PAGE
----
It’s hard to believe that this time a year ago, we were preparing for the new season with the usual vigour and anticipation as always.
It’s even harder to believe that some six months since the restart of Super League, albeit behind closed doors, that we’re still none the wiser as to when fans can return to games – or indeed even when the 2021 season can realistically get underway.
Super League, the only active competition in the UK following the RFL’s recent two-week suspension of training and playing, is now slated to start on March 25, a two-week delay to their initial starting plans.
However, their hopes to play 25 rounds and a Magic Weekend in front of crowds later in the season seem naive at best.
There is very little to suggest that fans will be back at games come the start of the season, and certainly not to the levels of a Magic Weekend even by late summer. Football clubs are already preparing to start next season in August with limited crowds at best.
If ever there was a year to scrap loop fixtures – particularly with the World Cup on the horizon – this was it.
It will soon be a year since fans last attended a game of rugby league in the UK on Sunday, March 15 – and no one could have foreseen the impact the pandemic would have on the world, let alone our sport.
Having been forced to sacrifice its 2020 season, with only Super League able to restart and stumble its way through a curtailed regular season which was at least celebrated by one of the greatest Grand Finals, rugby league had hoped that 2021 would bring back some normality.
🎙️ "It's Welsby! Right at the death, in the final seconds of this game, Jack Welsby has stolen it, has he?!"
St Helens win the Grand Final at the death! 🏆
— Sky Sports News (@SkySportsNews) November 27, 2020
Yet a month in, and that normality still feels some way off. The start of the Championship and League 1 seasons have now been pushed back further, to the extent that the Challenge Cup will now only involve a total of 28 clubs this year – the 12 Super League clubs, the 13 English Championship clubs plus three willing clubs from League 1 (Barrow, Keighley and West Wales), after their season start was pushed back to May.
All of those clubs, whatever their level, face the ongoing uncertainty surrounding playing games and of course income, while still being responsible for player contracts and their day-to-day running.
Even the recent decision to suspend pre-season training was met with frustration. While understandable due to the health crisis, it frustrated clubs who had invested in getting their players back for three weeks pre-season prior to that fortnight, which was ultimately wasted time and money.
There will also be concerns over the World Cup, given the logistics that the multiple tournaments require, they will need to be sure it can go ahead with plenty of time in advance.
If nothing else, it gives us reason to ponder what’s happening off the pitch, a favourite pastime of those of us with interest in the sport since the turn of the century (guilty as charged).
The Monday papers revealed that a private equity deal for Super League was set to be rejected, though may still end up costing clubs £750k in a finders fee for the broker that introduced them to the third party.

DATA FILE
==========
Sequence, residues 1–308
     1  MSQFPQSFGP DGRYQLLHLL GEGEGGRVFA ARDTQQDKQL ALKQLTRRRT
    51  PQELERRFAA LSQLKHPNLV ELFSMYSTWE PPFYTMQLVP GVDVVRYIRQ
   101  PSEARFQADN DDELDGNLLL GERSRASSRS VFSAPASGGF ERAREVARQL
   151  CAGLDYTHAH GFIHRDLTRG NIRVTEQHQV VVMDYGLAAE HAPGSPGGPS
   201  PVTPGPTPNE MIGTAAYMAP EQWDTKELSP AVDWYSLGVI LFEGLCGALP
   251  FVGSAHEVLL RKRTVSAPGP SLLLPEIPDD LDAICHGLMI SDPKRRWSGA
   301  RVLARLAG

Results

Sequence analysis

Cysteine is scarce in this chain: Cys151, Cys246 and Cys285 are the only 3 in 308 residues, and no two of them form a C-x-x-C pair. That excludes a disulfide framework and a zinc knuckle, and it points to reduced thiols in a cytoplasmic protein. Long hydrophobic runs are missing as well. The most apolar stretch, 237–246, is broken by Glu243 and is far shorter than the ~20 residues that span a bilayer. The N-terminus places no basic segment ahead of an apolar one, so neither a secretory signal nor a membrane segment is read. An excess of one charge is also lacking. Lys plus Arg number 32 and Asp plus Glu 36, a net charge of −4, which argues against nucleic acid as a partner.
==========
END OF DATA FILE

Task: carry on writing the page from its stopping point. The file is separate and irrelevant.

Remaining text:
Super League clubs reportedly turn down private equity deal – but will still need to pay £750,000 fee to the merchant bankers who secured an investor. https://t.co/llHTGjKGrB
— League Express (@leagueexpress) January 25, 2021
If this doesn’t serve as a reality check then nothing will. There aren’t even 30 full-time professional clubs in the world yet here we are with multiple executives on big salaries, club owners negotiating as if they’re Premier League and meanwhile the sport is imploding around them. Even the brand Super League is becoming to mean very little, with women’s football increasingly more likely to be associated with it than rugby league.
Sky Sports, who have underpinned the competition since its inception, initially offered almost half of what their current deal is; and though reports in League Express are their latest offer has been increased, it’s still £10m less than now.
The attitude seems to be ‘give us money’ without a compelling argument as to why. In the last 16 years, only five clubs other than the existing 12 have been given access to the top table and this decision making – of those, two have had multiple administrations (Bradford and Widnes), two no longer exist (Crusaders and Toronto) while London were allowed to liquidate and remain back in the top flight in 2005. Leigh, Salford and Wakefield have also been in administration in that period, despite the latter two being able to retain their Super League status during that time.
While negotiating a new TV deal of around £30m a year should actually be considered as a minor victory for rugby league, given the uncertain nature of both the world and the future of broadcasting, unless Super League changes the way it goes about its business, it will be merely kicking the can down the road until the next TV rights discussion, which will almost inevitably be even lower.
Two things professional sport cannot do without – fans and players, and rugby league seems to be alienating them both at an alarming rate, COVID aside.
Still, it’s nothing changing a few club logos won’t solve.